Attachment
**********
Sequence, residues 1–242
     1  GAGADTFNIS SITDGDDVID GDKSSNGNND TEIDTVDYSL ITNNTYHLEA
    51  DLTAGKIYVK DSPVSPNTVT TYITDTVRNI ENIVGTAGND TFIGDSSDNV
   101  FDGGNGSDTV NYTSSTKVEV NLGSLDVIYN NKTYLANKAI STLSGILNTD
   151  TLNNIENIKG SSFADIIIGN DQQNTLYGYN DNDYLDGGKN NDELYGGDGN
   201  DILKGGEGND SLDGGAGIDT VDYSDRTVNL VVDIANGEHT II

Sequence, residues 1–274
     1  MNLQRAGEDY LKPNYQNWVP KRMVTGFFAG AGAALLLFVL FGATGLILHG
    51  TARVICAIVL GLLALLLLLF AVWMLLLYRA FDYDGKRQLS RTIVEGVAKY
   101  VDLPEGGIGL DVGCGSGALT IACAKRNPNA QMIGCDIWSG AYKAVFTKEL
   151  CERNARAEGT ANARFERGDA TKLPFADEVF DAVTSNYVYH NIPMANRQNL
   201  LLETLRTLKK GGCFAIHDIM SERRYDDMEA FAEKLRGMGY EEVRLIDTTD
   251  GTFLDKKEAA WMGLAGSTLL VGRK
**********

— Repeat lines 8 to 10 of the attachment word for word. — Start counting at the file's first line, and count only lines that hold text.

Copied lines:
     1  MNLQRAGEDY LKPNYQNWVP KRMVTGFFAG AGAALLLFVL FGATGLILHG
    51  TARVICAIVL GLLALLLLLF AVWMLLLYRA FDYDGKRQLS RTIVEGVAKY
   101  VDLPEGGIGL DVGCGSGALT IACAKRNPNA QMIGCDIWSG AYKAVFTKEL